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Lefty faces uphill climb to catch Tiger, leaders on final day

by | CBSSports.com Senior Writer
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PEBBLE BEACH, Calif. -- It must be like hearing the same joke, over and over and over.

No matter where world No. 2 Phil Mickelson went during his round on Saturday, vestiges of Tiger Woods rang in his ears, appeared before his eyes, and maybe even danced a little jig in his brain.

After starting the day in a tie for second place, Mickelson stood on the tee of the drivable par-4 fourth at Pebble Beach Golf Links when a male fan yelled out to him, quite possibly with a bit of derision, after Lefty pulled an iron for his tee shot.

"Tiger hit 3-wood," the fan barked, challenging Mickelson's manhood.

Mickelson, unable to resist, touched the club head with his hand, turned and yelled right back, playfully, "It's plenty, plenty."

Turns out, he was right about the club and the yardage, but he came up well short of Woods and the other leaders the rest of the way, shooting a sputtering 73 to fall seven shots behind leader Dustin Johnson at the 110th U.S. Open and into a distant sixth place.

After putting himself in prime position to win the one missing title that he values more than any other, any Mickel-Slam hopes for the reigning Masters winner took a huge detour into the bunkers and wispy rough along the cliffs of the Pacific Ocean.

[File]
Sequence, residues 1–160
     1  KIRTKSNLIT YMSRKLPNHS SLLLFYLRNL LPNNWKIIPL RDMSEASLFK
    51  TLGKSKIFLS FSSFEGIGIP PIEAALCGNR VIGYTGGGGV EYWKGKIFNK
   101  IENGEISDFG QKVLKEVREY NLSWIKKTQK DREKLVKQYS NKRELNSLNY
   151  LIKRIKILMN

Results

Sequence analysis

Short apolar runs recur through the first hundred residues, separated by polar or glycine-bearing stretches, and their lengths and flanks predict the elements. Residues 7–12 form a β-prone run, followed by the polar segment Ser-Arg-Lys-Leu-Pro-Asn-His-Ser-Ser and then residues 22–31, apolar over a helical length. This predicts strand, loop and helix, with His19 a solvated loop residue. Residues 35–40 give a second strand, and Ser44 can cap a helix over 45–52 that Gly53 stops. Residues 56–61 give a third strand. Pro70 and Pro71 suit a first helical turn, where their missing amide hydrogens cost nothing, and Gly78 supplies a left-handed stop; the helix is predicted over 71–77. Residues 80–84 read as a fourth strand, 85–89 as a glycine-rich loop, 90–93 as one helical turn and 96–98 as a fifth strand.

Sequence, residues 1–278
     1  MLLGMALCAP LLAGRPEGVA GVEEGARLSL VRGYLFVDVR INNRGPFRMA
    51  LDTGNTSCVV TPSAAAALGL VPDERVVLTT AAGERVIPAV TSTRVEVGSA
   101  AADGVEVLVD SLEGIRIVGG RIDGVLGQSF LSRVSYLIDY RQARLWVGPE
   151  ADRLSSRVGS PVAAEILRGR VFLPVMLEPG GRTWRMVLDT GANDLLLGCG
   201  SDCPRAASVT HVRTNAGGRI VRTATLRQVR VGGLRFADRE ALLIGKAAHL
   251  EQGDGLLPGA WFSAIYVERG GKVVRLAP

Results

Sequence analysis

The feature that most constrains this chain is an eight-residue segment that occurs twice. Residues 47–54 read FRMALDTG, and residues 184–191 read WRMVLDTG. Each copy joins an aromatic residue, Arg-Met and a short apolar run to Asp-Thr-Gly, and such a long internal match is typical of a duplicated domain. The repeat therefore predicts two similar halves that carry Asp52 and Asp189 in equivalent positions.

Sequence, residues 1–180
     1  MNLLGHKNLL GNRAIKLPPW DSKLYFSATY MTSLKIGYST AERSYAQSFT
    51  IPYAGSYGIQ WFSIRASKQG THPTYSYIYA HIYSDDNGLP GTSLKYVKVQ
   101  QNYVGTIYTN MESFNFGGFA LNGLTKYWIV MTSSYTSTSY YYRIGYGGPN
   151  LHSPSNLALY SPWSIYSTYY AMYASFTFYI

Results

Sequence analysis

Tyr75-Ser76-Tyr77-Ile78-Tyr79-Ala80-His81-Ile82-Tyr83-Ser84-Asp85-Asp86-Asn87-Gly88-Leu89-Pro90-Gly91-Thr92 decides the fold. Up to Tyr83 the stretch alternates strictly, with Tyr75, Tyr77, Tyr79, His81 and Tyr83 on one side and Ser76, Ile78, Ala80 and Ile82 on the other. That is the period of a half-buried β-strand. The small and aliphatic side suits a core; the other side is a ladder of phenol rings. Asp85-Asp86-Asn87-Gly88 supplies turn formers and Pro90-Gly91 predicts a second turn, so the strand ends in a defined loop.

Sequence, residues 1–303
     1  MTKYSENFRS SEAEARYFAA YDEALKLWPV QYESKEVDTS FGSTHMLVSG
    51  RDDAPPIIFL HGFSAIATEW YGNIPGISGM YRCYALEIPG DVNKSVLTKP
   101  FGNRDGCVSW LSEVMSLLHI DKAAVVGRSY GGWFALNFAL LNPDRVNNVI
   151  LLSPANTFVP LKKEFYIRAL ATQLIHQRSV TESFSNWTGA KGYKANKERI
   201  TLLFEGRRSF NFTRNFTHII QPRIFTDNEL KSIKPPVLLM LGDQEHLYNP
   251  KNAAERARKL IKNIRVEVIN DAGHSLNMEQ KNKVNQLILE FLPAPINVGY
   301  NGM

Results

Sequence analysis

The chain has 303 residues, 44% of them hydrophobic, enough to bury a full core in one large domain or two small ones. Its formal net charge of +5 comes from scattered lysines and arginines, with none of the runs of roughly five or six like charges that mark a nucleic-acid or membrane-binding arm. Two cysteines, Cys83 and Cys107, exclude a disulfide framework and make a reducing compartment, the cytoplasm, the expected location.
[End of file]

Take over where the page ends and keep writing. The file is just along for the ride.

This week marks the third start in succession that Mickelson has been presented with a chance to unseat his rival as the top player, and it looks like the shutout will continue. As if that wasn't enough, through the middle section of his front nine, Mickelson could hear the screams wafting across the water as Woods staged a textbook rally on his closing holes, just as the round came crashing down on Lefty like a rogue wave.

After making bogeys on his first two holes, Mickelson was still looking for some magic when he started the toughest stretch of the course along the cliffs. He jacked his tee shot on the difficult ninth into a fairway bunker, and had no chance of reaching a green that's the size of a spilled Budweiser. Mickelson's 8-iron shot, intended as a layup, slammed into the lip and trickled five yards out of the trap into the deep rough. He wanted to make sure he didn't hit it fat and pretty much succeeded.

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"I caught it thin, all right, and it went right into the lip," he said.

A couple of holes earlier, a ship anchored nearby in the ocean was emblazoned with a banner evoking the memory of Bobby Jones, a name Mickelson had mentioned after his 66 in the second round put him right back in the mix. Mickelson on Saturday mostly channeled Davy Jones.

His next shot on the ninth, from the deep rough, almost sailed off the cliff and into the rocks below, and he had to flip a wedge upside-down to hack the ball out of the thigh-high hay, right-handed. By the time he cleaned up the mess, he'd made a double-bogey and was 2 over, seven shots off the lead.